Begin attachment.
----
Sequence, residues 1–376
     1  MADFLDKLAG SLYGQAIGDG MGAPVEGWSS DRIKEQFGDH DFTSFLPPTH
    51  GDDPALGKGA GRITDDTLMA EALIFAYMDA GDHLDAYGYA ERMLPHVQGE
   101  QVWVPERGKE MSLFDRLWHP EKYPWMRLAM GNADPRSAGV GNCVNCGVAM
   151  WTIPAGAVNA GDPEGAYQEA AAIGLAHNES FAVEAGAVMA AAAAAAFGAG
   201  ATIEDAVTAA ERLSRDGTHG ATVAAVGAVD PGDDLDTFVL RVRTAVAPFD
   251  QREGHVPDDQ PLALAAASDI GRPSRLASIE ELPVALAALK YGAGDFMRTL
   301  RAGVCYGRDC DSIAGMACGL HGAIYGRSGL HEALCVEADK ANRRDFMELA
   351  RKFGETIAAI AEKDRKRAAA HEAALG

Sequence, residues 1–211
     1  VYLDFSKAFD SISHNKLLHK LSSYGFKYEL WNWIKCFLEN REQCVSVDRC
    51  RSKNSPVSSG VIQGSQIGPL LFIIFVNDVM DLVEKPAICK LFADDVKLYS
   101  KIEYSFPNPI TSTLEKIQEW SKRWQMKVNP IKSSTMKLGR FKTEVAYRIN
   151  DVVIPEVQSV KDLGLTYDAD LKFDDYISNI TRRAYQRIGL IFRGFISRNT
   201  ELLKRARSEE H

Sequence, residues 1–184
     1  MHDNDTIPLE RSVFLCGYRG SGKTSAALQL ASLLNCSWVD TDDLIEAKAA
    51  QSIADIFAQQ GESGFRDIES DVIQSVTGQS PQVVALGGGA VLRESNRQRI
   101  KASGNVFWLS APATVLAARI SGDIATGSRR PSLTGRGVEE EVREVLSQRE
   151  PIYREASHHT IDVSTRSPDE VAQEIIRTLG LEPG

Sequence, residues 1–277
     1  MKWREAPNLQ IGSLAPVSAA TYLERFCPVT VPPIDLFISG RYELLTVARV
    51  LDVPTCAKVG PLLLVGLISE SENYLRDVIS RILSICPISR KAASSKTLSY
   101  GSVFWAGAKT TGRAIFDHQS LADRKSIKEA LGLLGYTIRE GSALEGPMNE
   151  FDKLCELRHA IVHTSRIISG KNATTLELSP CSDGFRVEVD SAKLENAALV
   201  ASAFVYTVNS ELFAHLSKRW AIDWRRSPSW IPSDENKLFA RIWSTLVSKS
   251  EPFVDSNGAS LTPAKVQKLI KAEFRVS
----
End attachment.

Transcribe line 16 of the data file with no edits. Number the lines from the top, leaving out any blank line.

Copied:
Sequence, residues 1–184